Inter-Corporate Deposits (ICDs) are different from loans or advances and would not come under purview of ‘deemed dividend’ within meaning of section 2(22)

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Inter-Corporate Deposits (ICDs) are different from loans or advances and would not come under purview of ‘deemed dividend’ within meaning of section 2(22)

IT: Where Assessing Officer made additions to assessee-company’s income under section 2(22)(e) in respect of loan given by one company to another company by taking a view that assessee was a common shareholder in both companies, in view of fact that there was no material to point out that payment in question was for individual benefit of assessee-shareholder and, further, assessee was not even a shareholder of any of those companies on date on which such advance was given, impugned addition was unjustified

[2019] 101 taxmann.com 19 (Mumbai – Trib.) ,IN THE ITAT MUMBAI BENCH ‘L’,

KIIC Investment Company v. Deputy Commissioner of Income Tax, (IT)-3(1)(2), Mumbai*

A perusal of section 2(22)(e) would reveal that three types of payments are covered within its fold which are deemed to be understood as ‘dividend’. The three categories are namely (i) any payment by way of advance or loan to a shareholder; (ii) any payment on behalf of a shareholder; and, (iii) any payment for the individual benefit of a shareholder. In the present case, qua the payment made by ‘P’ to ‘GVR’, the Assessing Officer invoked section 2(22)(e) considering that assessee was a common shareholder owning substantial shareholding in ‘P’ as well as ‘GVR’. The implication is that the Assessing Officer invoked the second limb of section 2(22)(e), namely that the payment by ‘P’ to ‘GVR’ was on behalf of the common shareholder, i.e. the assessee. Quite clearly, the stand is not tenable because, factually speaking, on the dates when the monies have been given by ‘P’ to ‘GVR’, assessee was not holding any shares in GVR. The relevant date to examine the shareholding pattern is the date on which the amount has been advanced. Insofar as the Commissioner (Appeals) is concerned, he affirmed the approach adopted by the Assessing Officer by noticing that even prior to assessee becoming the shareholder of GVR, assessee was holding 100 per cent shares of ‘V’, who in turn was holding 100 per cent shares of GVR and, therefore, at the relevant point of time when the impugned sums were given by ‘P’ to GVR, assessee was a beneficial shareholder in GVR. The conditions prescribed in section 2(22)(e) in order to treat an amount as ‘deemed dividend’ are to be strictly interpreted and in that light the approach of the Commissioner (Appeals) is quite untenable. Apart from making a bland assertion, the Commissioner (Appeals) does not justify as to how assessee became a beneficial shareholder of GVR inspite of it not having any direct shareholding on the relevant dates, but by simply holding shares of its subsidiary, ‘V’. Further, the Commissioner (Appeals) invoked the third limb of section 2(22)(e) whereby a payment made for the benefit of a shareholder is also regarded as ‘dividend’ within the meaning of section 2(22)(e). In this context, neither in the assessment order nor in the order of the Commissioner (Appeals) there is no material to point out that the payment in question made by ‘P’ to ‘GVR’ was for the individual benefit of any shareholder of ‘P’; and, in any case it cannot be straightaway inferred that the payments made to GVR were for the individual benefit of the assessee considering that assessee was not even a shareholder of ‘P’ on the aforesaid dates. Thus, there is no justification for the Commissioner (Appeals) to invoke the third limb of section 2(22)(e) in the present situation. Thus, on this aspect, so far as the inclusion of amount paid by ‘P’ to GVR within the scope of section 2(22)(e) is concerned, the same is quite untenable. [Para 35]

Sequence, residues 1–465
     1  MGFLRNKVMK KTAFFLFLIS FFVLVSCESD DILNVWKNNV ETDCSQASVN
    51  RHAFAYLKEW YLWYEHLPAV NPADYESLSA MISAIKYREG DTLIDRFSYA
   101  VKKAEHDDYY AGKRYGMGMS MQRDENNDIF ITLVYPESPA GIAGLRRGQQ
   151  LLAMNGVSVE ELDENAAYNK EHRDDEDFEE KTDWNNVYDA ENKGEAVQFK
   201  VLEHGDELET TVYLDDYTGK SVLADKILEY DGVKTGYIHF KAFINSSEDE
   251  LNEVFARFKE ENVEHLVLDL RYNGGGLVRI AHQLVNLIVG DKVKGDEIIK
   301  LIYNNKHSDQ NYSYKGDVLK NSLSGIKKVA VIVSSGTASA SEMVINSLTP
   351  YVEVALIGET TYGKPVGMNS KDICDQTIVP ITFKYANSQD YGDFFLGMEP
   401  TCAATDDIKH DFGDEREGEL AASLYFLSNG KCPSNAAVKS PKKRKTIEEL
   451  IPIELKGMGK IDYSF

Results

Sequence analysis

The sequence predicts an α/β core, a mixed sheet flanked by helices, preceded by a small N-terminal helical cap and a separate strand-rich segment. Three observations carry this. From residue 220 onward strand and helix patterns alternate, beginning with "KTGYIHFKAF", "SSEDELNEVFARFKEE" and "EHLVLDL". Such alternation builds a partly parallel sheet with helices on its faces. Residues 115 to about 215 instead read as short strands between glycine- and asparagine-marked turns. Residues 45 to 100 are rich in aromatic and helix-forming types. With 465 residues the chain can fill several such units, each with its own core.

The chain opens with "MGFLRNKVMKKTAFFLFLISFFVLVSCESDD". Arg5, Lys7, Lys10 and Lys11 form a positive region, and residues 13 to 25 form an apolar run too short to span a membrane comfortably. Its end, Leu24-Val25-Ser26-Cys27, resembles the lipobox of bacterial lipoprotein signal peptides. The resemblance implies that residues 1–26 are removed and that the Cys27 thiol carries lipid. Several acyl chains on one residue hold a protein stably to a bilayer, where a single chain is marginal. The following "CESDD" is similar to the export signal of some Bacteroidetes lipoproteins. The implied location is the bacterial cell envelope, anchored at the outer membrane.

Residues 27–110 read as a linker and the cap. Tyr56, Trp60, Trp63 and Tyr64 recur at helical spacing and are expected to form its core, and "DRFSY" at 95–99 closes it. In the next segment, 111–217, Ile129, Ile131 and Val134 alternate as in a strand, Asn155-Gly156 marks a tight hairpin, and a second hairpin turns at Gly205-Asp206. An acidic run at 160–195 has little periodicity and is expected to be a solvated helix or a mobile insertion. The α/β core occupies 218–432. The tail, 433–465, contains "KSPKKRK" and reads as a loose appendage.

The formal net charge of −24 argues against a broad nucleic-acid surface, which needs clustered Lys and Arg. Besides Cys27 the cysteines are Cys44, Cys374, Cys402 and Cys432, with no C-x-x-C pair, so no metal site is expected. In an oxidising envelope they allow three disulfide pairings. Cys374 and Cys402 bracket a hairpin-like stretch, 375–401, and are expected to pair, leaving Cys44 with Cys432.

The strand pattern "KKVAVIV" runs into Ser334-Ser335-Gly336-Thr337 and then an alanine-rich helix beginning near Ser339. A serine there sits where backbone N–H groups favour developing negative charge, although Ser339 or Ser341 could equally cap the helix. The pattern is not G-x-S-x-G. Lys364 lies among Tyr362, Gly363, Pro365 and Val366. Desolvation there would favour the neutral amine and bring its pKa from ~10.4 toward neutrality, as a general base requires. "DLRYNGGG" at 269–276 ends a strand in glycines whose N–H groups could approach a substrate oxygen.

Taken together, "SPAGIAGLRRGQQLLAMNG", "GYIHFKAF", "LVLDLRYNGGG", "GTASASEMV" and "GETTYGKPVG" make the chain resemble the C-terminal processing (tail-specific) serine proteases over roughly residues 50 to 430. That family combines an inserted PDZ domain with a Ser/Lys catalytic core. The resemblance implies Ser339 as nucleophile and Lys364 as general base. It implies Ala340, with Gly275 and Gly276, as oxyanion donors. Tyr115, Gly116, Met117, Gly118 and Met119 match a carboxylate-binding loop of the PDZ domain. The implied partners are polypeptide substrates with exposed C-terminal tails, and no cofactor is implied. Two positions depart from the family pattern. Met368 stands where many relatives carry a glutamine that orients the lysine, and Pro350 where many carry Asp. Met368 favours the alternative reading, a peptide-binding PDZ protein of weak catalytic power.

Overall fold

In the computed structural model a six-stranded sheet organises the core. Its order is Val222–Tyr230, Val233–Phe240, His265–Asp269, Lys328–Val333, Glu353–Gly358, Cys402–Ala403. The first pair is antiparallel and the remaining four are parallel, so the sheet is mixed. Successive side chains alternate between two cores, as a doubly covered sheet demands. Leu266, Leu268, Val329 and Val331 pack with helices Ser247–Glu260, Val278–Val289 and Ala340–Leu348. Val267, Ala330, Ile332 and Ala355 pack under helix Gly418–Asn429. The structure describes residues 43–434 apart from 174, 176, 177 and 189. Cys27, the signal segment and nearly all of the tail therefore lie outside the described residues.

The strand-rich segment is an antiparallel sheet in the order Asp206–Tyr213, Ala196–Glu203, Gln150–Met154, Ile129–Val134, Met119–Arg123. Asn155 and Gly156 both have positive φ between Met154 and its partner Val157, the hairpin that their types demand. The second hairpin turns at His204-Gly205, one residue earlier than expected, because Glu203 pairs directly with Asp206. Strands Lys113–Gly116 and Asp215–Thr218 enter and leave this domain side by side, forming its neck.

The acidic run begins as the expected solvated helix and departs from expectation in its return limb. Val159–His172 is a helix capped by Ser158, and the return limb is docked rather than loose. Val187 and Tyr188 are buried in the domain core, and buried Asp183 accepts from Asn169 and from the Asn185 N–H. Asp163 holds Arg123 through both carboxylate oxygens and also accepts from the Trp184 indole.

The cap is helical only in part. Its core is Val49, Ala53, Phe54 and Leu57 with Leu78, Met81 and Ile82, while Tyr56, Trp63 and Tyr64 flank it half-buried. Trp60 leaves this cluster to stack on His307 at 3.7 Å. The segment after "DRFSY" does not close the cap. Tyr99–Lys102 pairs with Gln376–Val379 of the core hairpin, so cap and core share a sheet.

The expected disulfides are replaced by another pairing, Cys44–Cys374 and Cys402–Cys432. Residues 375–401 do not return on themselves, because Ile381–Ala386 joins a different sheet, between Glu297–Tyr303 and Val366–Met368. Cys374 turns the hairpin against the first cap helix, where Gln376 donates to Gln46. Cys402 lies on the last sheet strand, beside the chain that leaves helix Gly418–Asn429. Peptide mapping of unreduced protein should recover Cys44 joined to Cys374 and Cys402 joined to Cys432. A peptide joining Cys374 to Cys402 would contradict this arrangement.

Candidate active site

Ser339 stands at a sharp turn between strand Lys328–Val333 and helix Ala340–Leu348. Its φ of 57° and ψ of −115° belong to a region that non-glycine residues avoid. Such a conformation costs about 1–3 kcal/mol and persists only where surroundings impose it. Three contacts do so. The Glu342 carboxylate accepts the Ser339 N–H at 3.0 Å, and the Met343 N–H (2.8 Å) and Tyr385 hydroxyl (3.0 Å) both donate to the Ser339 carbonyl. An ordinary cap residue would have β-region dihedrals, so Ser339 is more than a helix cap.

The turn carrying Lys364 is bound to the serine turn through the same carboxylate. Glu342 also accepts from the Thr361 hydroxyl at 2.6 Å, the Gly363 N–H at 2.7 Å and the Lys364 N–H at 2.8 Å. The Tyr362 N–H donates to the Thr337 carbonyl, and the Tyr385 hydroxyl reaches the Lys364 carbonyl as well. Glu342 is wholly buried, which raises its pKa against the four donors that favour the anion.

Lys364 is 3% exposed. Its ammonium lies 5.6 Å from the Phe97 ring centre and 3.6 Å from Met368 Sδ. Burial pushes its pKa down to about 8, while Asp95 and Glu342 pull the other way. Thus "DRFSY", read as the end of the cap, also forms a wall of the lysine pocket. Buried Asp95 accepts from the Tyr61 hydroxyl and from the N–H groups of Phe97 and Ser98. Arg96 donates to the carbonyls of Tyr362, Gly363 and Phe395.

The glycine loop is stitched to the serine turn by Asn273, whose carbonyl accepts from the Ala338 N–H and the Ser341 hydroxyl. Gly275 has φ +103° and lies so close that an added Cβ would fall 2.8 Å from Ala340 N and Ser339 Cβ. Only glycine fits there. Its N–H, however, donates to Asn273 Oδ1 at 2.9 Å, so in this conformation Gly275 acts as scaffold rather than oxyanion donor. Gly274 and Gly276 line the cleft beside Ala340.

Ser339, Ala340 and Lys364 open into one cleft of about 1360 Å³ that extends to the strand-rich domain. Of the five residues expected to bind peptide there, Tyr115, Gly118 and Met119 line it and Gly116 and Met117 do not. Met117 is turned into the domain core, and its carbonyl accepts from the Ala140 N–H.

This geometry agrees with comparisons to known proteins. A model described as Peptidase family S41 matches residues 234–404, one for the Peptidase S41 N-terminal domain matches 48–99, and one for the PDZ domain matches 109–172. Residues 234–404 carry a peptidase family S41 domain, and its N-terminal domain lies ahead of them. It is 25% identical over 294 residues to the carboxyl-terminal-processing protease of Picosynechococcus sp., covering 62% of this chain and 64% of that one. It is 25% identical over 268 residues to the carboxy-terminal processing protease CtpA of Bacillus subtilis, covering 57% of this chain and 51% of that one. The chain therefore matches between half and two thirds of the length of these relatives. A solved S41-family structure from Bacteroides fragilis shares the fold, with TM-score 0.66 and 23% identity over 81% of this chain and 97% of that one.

Further, in this year, though the basic plea of the assessee is that the amounts given to GVR and given to DHR by ‘P’ is an ICD and, therefore, is not in the nature of a ‘loan’ or ‘deposit’ to be covered under section 2(22)(e), however, the said plea is supported merely by a Board Resolution of ‘P’ and there are no deposit agreements as was the situation dealt with in assessment year 2009-10 in the earlier paras. In the absence of any deposit agreement or any other bilateral agreement, which would bring out the terms and conditions and the features of the transaction as understood by the parties, it would not be appropriate to say that it is in the nature of an ICD and not a loan. Therefore, the aforesaid plea of the assessee, though accepted in assessment year 2009-10 in the earlier paras, has to fail in this assessment year on account of the failure of the appellant to lead appropriate evidence. [Para 36]

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